The Daily herald reports that a memorial service celebrating the life of the late Reverend Father Danilo “Dan”Pastor was held at Sacred Heart Church in The Bottom, presided by St. Maarten resident Fr. Robert “Bob” Johnson and Fr. Yohanes Bally. Simultaneously, a Mass was held in Aruba, presided by the gathered clergy of Diocese of Willemstad, Curaçao.
Fr. Dan is survived by his mother Gertrudez Pastor, his sisters Zenaida, Hermelina, Virginia, Dolores, Edith, and Alma, his brothers Romulo, Domingo, Argie, Eduardo and Noel. Two of Fr. Dan’s brothers Argie and Eduardo with his wife Cristina reside on Saba as does his nephew Jovic Pastor. The latter is among 22 nephews and nieces, most of who still reside in his native Philippines.
Fr. Dan’s body will be returned to them for funeral accompanied by his two brothers. Saba’s largest church overflowed Monday not only with grieving Roman Catholic parishioners, but with people from across the community, which was Fr. Dan’s extended family during his 12 years of service here. Lay church member Patricia Linzey introduced the official representatives of all the religious parishes, both from Saba as well, as French and Dutch St. Maarten.
First tribute was given by the hosting church’s organ player Carmen Simmons, who attested to Fr. Dan’s ability to compassionately relate to his parishioners’ individual challenges, never criticizing, but humbly guiding them privately. She remarked on his unshakable determination at times going against others’ counsel.
Lay Anglican congregation leader Wilma Every extended condolence to Fr. Dan’s family and to the clergy of the Diocese, followed by a song rendered by the Saba Anglican choir. Choirs from several churches followed.
Pastor Vernon Liburd of Wesleyan Holiness Church extended condolences to all grieving the loss. He spoke of the deep friendship they forged, both as religious leaders in Saba and as individuals attempting to stay true to their non-Saban native cultural identity while serving the community. They frequently consulted while avoiding political controversy and attempting to find common ground across denominational bounds. Liburd encouraged all to cherish his memory and all the aspects of his life, especially his ability to reach out to youth and engage them in sports.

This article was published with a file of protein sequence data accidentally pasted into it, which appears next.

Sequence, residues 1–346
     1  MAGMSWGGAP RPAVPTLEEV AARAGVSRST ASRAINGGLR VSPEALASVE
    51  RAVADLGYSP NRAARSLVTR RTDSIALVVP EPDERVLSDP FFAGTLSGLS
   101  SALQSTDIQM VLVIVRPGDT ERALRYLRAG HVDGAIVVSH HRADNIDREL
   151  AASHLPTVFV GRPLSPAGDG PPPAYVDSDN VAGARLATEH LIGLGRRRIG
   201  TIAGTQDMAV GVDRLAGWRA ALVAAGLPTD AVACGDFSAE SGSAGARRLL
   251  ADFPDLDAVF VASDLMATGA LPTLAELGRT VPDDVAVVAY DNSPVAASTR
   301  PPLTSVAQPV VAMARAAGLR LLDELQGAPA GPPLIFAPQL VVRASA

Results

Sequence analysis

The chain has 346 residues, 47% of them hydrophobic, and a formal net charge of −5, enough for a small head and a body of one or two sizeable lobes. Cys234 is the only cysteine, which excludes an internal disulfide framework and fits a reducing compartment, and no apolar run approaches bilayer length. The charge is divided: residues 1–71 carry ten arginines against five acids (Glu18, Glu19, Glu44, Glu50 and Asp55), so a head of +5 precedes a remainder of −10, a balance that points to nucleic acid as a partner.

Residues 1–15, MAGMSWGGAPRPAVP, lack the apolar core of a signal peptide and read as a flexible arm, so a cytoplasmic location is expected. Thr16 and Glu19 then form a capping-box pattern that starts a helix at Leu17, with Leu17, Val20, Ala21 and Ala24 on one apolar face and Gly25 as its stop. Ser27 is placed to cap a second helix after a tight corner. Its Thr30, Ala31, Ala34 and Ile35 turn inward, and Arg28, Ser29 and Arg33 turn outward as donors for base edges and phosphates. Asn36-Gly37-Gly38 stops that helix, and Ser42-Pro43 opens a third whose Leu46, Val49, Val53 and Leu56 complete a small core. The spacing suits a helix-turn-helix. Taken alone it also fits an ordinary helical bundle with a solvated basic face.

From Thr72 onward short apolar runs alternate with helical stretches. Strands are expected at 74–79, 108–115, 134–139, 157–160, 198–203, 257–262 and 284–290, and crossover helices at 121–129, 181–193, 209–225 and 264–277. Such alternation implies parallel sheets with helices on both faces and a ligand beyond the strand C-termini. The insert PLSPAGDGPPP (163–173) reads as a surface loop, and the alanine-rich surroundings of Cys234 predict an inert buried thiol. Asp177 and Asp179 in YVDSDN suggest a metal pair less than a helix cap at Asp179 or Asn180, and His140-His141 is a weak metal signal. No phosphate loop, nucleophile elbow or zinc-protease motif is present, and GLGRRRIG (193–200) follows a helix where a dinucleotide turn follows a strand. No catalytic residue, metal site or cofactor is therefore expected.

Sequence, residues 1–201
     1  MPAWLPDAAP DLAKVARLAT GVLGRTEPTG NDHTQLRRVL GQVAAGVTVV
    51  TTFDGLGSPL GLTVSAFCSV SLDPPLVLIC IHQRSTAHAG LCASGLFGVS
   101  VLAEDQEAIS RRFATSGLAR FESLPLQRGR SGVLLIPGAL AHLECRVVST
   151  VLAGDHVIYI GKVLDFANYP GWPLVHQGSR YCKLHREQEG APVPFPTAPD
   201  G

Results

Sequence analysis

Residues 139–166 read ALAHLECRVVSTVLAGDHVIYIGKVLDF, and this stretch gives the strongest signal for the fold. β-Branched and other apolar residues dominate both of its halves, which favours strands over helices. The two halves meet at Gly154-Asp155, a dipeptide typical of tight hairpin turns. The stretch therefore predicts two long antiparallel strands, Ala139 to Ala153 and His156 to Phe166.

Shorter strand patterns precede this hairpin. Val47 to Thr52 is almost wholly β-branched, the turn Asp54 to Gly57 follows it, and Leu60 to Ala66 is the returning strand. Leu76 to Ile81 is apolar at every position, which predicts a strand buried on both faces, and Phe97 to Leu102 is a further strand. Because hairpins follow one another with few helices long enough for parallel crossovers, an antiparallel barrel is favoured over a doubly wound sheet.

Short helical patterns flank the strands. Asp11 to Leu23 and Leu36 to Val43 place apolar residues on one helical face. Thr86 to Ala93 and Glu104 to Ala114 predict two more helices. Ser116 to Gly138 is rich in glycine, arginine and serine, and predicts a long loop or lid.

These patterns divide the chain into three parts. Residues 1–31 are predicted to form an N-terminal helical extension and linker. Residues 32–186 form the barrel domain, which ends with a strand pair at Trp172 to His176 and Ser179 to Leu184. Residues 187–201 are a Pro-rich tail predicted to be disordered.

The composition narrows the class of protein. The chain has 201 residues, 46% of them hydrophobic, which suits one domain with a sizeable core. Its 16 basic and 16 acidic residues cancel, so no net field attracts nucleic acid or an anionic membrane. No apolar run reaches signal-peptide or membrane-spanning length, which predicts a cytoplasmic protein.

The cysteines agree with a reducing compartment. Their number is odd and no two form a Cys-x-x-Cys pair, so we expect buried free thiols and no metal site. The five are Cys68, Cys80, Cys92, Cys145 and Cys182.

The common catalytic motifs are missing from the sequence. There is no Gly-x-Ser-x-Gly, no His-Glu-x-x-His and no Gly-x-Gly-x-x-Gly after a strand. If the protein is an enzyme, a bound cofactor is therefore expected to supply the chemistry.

Pastor Leroy Barry of Seventh Day Adventist Church seconded Liburd, attesting to Fr. Dan’s ability to reach out irrespective of social status.
One of the most emotionally-charged moments was the tribute brought by the Saba Philippino community choir, who bid Pastor farewell in his native tongue Tagalog. They were followed by Governor Jonathan Johnson, who spoke of Fr. Dan’s assistance with official ecumenical services.
Voltaire Simmons extended condolence on behalf of the Caribbean Netherlands National Service (RCN).
Representative of the Grand Case community of French St. Martin, as well as representatives of the Dutch side also expended their sympathy to the Saba community, emphasising ties initiated among the parishes during Fr. Dan’s tenure. They credited Fr. Dan’s close friend, lay church leader Ronny Simmons, in facilitating these relations.
Following a touching Caribbean steel pan rendition by Karel Sorton, the altar boys gave their tribute to the man who played such an important role in their formation.
Fr. Bob announced an upcoming visit from Bishop Luis Secco and spoke on behalf of the vicariate of St. Maarten, Saba and St. Eustatius, calling on all to celebrate Fr. Dan’s life and priestly ministry while finding personal meaning in his mission and his transition. The religious service lectors were Lynne Johnson and Maluska Baker, intercessions were held by Chester Zagers.
With light-hearted anecdotes, Fr. Bob guided the congregation past their mournful feelings and lifted spirits allowing all to understand Fr. Dan’s life in its entire humanity. In his homily he encouraged all to concentrate on the meaning of Fr. Dan’s service in their lives and not on prescribed conformity to traditional Catholic expectations. Fr. Bob spoke of Fr. Dan’s passing being a culmination of his ministry in the community. His last sermon, suggested Fr. Bob, was one of confidence in the continuation of his existence past this bodily presence, his peace with the choice of making this transition.
He remarked that Fr. Dan’s resoluteness was well-known in the vicariate, part of his individuality, an aspect steeped in his Philippino heritage. At age 59, he couldn’t accept his body’s limitations and insisted on his service,
even his martial arts and sports activities for youths.
Parishioners noticed his fading health and read obstinacy in his choices. In spite of this struggle, Fr. Dan made sure to return after his medical diagnostic and to visit with as many of his Saba parishioners as he could, as well as with his fellow vicariate priests, consciously preparing them for his final departure. In his eulogy, Governor Johnathan Johnson remarked on how the growing Philippino community gathered as a family at his rectory every Sunday. He too spoke of Fr. Dan’s service to the community since 2002, his passion for boxing and martial arts and how this endeared him to many, especially the youth.